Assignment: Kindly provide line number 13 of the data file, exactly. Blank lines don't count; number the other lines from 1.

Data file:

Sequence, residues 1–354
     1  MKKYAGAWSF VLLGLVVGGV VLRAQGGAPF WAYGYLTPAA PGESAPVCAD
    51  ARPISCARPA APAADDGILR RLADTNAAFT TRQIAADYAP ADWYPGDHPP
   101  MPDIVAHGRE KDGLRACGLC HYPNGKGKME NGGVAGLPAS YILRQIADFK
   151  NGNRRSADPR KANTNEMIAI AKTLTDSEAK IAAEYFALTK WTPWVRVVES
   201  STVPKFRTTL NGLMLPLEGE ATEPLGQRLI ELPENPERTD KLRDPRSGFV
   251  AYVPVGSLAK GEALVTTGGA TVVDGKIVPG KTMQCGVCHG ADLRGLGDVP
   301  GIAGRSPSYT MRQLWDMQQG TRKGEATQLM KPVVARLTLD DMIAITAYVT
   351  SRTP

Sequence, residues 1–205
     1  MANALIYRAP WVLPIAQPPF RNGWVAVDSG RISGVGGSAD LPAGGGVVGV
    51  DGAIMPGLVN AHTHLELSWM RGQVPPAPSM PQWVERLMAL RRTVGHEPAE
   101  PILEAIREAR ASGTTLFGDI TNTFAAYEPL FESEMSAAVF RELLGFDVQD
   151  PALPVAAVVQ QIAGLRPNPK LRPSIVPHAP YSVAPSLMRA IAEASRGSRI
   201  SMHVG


   101  PILEAIREAR ASGTTLFGDI TNTFAAYEPL FESEMSAAVF RELLGFDVQD